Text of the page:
Host plants impact courtship vibration transmission and mating success of a parasitoid wasp, Cotesia flavipes (Hymenoptera: Braconidae)
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Host plants provide food, shelter, and mating habitats for herbivorous and parasitoid insects. Yet each plant species is a microhabitat with distinct chemical and physical attributes that may drive selection and diversification of insects. This study examines differences in courtship vibration signal transmission through leaves of three host plant species that vary in physical characteristics (leaf tissue density, leaf width and percent moisture) and how signal transmission relates to mating success for a parasitoid wasp. The vibration signals transmit with a longer duration and a higher relative amplitude in the host plant leaves of the species with the lowest leaf tissue density, which was also the plant type with the highest mating frequency. Host plants may be a selective force on courtship vibration signals and may contribute to the behavioral or genetic divergence of populations on different host plant species. © 2013 Springer Science+Business Media Dordrecht.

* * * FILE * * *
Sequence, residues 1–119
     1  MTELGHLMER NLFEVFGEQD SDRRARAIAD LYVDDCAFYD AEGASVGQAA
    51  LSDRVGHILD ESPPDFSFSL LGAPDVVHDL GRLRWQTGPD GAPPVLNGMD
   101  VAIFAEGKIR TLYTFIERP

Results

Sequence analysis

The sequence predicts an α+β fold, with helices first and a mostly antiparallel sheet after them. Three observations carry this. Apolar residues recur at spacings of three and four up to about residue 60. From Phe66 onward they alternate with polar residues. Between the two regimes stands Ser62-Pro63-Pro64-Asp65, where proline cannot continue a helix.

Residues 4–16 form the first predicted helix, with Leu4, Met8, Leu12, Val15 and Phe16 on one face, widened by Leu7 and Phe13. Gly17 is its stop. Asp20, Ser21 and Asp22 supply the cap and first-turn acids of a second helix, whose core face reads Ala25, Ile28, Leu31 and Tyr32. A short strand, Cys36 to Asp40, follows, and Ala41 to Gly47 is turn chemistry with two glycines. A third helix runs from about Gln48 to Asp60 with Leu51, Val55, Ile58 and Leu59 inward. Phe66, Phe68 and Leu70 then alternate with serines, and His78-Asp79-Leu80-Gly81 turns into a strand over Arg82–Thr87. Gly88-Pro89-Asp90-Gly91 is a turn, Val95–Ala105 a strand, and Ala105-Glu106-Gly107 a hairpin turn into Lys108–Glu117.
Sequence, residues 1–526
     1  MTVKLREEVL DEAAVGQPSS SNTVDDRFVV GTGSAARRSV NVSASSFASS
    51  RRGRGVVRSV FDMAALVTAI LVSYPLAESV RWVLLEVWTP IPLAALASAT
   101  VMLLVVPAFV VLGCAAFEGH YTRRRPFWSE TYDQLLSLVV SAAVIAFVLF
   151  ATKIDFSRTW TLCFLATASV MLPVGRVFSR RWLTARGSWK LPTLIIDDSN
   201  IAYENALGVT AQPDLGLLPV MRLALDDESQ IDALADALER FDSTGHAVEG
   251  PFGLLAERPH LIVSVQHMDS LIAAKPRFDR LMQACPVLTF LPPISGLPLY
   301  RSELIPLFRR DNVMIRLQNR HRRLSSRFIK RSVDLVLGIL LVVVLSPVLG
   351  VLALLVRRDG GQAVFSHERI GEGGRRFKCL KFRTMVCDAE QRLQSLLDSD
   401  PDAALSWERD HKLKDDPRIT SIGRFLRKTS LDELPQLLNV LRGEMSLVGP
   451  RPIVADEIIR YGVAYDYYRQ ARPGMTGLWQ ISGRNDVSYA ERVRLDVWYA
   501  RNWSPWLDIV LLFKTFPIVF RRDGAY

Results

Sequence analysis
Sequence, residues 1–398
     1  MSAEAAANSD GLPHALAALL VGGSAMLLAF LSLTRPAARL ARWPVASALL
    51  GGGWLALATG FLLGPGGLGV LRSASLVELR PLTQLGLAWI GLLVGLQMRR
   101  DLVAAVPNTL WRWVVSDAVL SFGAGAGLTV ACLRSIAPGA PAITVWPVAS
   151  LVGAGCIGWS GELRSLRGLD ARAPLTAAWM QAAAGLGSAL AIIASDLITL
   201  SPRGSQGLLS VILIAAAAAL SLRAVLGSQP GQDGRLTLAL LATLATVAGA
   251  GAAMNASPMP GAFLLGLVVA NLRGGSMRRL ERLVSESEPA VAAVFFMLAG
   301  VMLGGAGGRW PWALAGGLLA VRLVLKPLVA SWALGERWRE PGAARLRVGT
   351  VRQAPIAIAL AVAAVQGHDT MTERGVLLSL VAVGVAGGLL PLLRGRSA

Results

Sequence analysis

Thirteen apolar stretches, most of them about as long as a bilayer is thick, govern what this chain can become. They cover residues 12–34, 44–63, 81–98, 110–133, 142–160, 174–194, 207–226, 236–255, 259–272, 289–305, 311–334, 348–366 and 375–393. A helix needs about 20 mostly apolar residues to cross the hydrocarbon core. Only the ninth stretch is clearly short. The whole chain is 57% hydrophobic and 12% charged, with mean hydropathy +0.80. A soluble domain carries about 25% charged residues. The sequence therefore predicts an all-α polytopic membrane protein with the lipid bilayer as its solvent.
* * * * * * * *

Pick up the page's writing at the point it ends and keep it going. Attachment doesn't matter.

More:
author list (cited authors)
Joyce, A. L., White, W. H., & Medina, R. F.